There are hundreds of different types of cheese that can be differentiated both by the type of milk and by its origin: raw or pasteurized, cow, goat, sheep, buffalo, horse or camel…
People have been using it since prehistoric times, which can be
considered a discovery of the first cheese production
Not only are they an exceptional gourmet delight, but cheeses
are also the source of nutrients in forms that the body can easily
Cheese is a concentrated source of proteins with high biological
value and almost all persons, regardless of their age, are
recommended to consume all types of cheeses daily.
Casein is the main milk protein which breaks down in the process
of cheese ripening into essential amino acids needed to build
muscle and other tissues, for cell and organ regeneration,
functioning of the central nervous system and which need to be
brought in by food, in order to have a proper growth, development
and well-being of the body.
The content of proteins depends on the type of cheese and milk
it was produced from (on the average, 9 to 37.5%). The harder and
older the cheese, the more protein it contains. Given the daily
protein requirements in adults and the average protein content in
semi-hard cheeses that are usually consumed in our country, 100 g
of cheese meets one third of daily protein needs.
The fat content of cheese can vary from approximately 5 g per
100 g in dry curd cottage cheeses to about 30 g per 100 g in extra
fat cheeses. Milk fat, unlike other animal fats, has more
short-chain fatty acids of suitable structure and a lower melting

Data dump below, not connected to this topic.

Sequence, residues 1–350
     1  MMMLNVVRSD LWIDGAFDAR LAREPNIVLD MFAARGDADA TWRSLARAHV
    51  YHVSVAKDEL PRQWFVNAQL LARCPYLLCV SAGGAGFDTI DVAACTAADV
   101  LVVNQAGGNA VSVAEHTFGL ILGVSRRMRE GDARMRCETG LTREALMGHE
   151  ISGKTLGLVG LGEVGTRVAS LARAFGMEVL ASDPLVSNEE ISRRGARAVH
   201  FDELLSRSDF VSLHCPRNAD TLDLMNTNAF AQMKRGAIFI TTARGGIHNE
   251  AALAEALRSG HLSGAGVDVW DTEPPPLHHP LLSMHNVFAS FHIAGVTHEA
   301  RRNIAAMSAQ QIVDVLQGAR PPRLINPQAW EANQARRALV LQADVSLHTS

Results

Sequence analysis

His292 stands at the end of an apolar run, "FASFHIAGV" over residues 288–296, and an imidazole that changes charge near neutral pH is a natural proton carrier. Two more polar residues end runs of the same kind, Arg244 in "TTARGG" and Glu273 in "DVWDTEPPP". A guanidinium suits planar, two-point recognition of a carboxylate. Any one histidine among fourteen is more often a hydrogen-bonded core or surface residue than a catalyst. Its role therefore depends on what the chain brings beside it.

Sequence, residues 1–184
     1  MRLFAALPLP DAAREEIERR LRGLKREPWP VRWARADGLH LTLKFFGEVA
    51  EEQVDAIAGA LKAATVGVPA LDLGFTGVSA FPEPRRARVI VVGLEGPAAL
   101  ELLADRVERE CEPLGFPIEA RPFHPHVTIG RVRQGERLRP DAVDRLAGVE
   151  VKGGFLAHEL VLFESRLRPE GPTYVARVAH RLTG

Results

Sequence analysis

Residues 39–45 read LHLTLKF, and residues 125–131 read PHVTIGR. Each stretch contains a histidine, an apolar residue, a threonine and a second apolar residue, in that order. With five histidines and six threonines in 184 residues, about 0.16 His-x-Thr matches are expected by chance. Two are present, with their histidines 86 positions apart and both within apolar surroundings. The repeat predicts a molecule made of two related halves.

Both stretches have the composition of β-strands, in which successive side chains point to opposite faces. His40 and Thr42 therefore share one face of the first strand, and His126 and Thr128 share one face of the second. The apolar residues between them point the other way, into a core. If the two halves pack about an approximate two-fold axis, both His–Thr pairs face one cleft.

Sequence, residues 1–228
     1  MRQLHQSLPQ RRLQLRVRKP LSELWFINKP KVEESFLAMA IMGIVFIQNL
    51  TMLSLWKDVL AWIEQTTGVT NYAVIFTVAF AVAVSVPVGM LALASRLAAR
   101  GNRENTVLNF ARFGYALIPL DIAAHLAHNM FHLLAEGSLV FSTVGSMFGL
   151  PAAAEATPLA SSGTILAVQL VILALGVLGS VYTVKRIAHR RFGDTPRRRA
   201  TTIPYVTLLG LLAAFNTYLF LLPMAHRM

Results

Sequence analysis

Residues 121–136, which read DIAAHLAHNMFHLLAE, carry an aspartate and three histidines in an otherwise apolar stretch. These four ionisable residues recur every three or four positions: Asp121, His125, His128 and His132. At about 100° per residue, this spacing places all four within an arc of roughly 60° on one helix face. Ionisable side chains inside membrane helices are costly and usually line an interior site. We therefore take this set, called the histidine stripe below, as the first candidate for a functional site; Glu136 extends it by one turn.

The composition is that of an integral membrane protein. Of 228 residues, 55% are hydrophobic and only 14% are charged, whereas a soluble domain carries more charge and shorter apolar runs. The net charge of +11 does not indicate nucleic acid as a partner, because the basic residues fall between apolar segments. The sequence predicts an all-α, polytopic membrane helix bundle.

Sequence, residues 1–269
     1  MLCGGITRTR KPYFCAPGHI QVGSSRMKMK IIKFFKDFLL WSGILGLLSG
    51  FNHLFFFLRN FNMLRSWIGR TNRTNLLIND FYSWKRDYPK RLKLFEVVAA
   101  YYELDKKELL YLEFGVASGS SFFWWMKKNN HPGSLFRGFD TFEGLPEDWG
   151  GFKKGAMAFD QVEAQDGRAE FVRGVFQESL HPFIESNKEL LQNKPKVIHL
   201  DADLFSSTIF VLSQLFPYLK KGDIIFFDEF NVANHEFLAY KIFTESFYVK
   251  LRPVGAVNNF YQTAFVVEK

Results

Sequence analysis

point, which helps improve their digestibility. Therefore, cheese
can be considered a desirable source of fat in the diet.
Cheese is a source of fat-soluble vitamins (vitamins A, D, E, K)
and water-soluble vitamins (B group vitamins: B1, B2, B6, B12,
folic acid), but also of minerals, especially calcium, phosphorus
and magnesium. Calcium is the most important mineral in the body
considering its share. 100 g of semi-hard cheese contains on
average about 800 mg of calcium, which provides for 100% of daily
calcium requirement, while 100 g of hard cheese contains as many as
1300 mg of calcium, which is the recommended daily calcium
allowance for people suffering from osteoporosis. It is almost
impossible to find a better source of calcium in the diet.
Although in smaller shares, but no less important for the
organism, potassium, iron, copper and zinc are also present in
Energy of cheese derives from its proteins and fats, because
there is no lactose - milk carbohydrate in cheeses, except in
farmer's and soft cheese. The average energy value of semi-hard
cheeses is around 350 kcal per 100 g, and the average energy
requirements of a healthy adult with moderate physical activity
range from 2100 to 2900 kcal, whereas in adolescents and adults who
are physically active they can amount up to 5000 kcal. Differences
in cheese consumption between these groups can be in respect to the
amount and type of cheese, while the daily cheese consumption is
welcome in all age groups.
However, beside its peculiar nutritional value and
digestibility, cheese has a specific cultural significance. Even in
ancient Rome meals ended with cheese, a tradition that has been
kept in some Mediterranean countries up to date. Thus, for example,
it is typical of French to indulge in consumption of cheeses which
have become an inseparable dessert of traditional French
Daily consumption of cheese is welcome, not only because of
pleasure it provides, but also because the cheese has a positive
effect on preservation of tooth enamel and protects teeth from
caries. The above effect is attributed to the stimulating effect of
cheese on increased production of saliva which raises pH in the
mouth. It is believed that some ingredients of cheese, such as
fatty acids, may have antibacterial impact.
Finally, in order to preserve all cheese features, from flavour
and smell to the nutritional value, keep it in the refrigerator,
protected so as not to lose moisture. To make your enjoyment
complete, take cheese out of the refrigerator at least half an hour
before consumption, to let its full aroma develop.